Flight School Bought Plane Weeks Prior To Crash That Killed Instructor, Student, NTSB Report Says

June 8, 2023

The single-engine plane that crashed in Lantana, killing a flight instructor and his student, was bought by the flight school three weeks before the fiery crash.

The Cessna 172 was in the air for less than a minute on May 26, a National Transportation Safety Board preliminary report released Wednesday said, before it crashed at 11:18 a.m. and was destroyed.

The Palm Beach County Sheriff’s Office identified Ana Isabela Diego Matias, 20, of Lantana, and Stanley Sands, 76, of Lake Worth, as the victims.

Ana Matias, the aunt of the 20-year-old aspiring pilot, wrote in a GoFundMe that her niece “died instantly” in the crash.

“She would always talk about being a pilot since she was a little girl. Every time she would look in the sky she would always tell her mom that she would accomplish being a pilot one day and make her proud,” Matias’ aunt wrote in the online fundraiser to help with funeral expenses and to return her to Guatemala, where she was born.

Matias’ aunt wrote that her niece kept her flight training a secret from many in the family and planned to surprise them once she officially became a pilot. She wanted to take her family to new places.

“She made people laugh and always had beautiful compliments for every person in her life,” her aunt wrote.

Sands earned his Airline Transport Pilot certificate in 2007 and his flight instructor certificate in September 2021, according to Federal Aviation Administration records.

Two days before the crash, the Cessna was flown in at least four short trips to and from the Lantana airport, according to FlightAware. The report doesn’t identify the flight school, and multiple flight schools operate from the airport.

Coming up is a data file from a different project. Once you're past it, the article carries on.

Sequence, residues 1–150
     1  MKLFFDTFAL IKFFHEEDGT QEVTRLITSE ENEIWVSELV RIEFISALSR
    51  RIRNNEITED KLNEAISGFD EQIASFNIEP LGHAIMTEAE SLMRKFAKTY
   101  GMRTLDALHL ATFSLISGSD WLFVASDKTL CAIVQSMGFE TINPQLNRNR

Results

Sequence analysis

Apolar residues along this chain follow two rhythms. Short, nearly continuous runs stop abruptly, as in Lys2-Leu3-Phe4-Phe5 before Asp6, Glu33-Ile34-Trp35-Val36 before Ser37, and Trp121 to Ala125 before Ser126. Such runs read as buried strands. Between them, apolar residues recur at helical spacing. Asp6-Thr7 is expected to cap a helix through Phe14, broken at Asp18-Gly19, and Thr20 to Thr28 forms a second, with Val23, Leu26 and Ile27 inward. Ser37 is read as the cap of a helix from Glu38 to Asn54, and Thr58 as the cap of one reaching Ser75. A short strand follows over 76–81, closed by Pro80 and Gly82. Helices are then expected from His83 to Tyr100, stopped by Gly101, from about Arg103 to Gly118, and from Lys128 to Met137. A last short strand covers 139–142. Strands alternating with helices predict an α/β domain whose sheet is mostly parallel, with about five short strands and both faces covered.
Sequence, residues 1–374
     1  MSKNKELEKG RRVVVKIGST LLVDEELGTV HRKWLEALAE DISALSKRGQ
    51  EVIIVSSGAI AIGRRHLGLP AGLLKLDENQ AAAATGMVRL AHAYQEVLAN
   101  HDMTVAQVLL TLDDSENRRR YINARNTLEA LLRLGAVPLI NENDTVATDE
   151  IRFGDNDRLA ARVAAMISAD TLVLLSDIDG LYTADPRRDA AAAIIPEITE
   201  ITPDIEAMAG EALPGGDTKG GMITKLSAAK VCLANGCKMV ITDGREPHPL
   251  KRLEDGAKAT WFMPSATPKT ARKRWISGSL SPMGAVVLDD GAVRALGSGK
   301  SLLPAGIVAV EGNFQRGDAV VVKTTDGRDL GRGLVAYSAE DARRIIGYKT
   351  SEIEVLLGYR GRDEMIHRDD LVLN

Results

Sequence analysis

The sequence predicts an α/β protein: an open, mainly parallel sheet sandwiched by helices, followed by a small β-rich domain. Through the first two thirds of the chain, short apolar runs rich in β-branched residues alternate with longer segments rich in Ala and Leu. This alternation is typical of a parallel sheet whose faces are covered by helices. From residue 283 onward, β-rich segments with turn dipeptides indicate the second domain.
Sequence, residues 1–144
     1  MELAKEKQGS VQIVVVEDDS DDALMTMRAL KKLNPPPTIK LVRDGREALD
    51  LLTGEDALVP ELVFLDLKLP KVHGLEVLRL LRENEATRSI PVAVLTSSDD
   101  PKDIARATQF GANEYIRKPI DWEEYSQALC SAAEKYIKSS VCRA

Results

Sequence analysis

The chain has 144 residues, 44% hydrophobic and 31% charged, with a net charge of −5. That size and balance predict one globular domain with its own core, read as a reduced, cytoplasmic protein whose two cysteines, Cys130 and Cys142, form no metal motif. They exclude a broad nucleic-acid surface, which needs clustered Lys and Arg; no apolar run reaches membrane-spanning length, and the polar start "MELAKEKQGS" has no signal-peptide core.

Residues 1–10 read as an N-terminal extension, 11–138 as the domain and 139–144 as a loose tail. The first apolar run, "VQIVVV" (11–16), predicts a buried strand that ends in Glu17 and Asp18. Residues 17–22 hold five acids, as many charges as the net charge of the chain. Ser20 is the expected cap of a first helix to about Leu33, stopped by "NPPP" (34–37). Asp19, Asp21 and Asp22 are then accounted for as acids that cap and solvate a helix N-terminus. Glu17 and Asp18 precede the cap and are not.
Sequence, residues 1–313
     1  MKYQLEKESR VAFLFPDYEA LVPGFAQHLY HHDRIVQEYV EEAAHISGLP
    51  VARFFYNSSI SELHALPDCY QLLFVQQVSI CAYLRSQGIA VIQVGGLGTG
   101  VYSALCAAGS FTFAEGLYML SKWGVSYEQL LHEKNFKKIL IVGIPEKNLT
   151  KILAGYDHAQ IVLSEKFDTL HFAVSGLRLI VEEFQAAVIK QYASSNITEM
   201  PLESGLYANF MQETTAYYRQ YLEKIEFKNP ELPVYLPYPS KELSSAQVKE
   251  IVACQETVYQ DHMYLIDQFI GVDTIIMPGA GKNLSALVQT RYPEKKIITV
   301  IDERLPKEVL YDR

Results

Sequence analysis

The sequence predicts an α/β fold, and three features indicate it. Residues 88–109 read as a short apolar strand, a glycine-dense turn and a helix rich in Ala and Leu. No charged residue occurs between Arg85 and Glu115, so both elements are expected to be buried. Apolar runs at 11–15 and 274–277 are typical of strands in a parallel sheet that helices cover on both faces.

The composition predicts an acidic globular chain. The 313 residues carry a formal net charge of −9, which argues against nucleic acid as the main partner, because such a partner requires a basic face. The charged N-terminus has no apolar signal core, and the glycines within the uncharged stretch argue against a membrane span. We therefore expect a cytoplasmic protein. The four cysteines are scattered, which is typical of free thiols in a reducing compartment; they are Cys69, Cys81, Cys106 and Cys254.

The plane departed from runway four and began to climb, dropped, then climbed again, the NTSB report said. It rolled right to a 90-degree bank angle and continued in a right downward turn until it crashed.

“A pilot who witnessed the accident reported that the airplane’s engine ‘sounded like it was full throttle the entire time,'” the report said.

The plane came to a stop 140 feet away from where it crashed and caught fire on the ground. The impact crushed the cockpit into the back of the plane, according to the report, and both wings detached from the body.

Multiple cable pulleys that are part of the aircraft’s primary control system were corroded and did not freely move or rotate, the report said. The preliminary investigation found more breaks in the system that helps safely control an aircraft in flight, “consistent with tension overload failures.”

The plane’s last annual inspection was in September 2022, the report said. The previous owner documented that the aircraft’s original maintenance logbooks were lost and would be given to the flight school when found.

Two other small planes crashed in South Florida within days of the crash that killed Sands and Matias. A banner-towing plane crashed in a field at North Perry Airport the day before, on May 25. The pilot survived but suffered “extensive injuries,” Pembroke Pines Fire Rescue officials said.

Mitchell Knaus, the pilot of a second banner-towing plane crashed on May 17 in Hollywood near a parking lot of a Target. One witness said it appeared he tried to avoid hitting people as the plane dove to the ground.

The NTSB recently released a preliminary report on that crash.

“I might have to drop this banner. I’m not climbing. Zero alpha bravo,” Knaus told an air-traffic controller, according to the report.

At 400 feet in the air, Knaus said he was going to drop his banner over a lake.

“I’m going to be over these oil tanks with like a lake next to it,” he said. There was no other communication with him, the NTSB report said.

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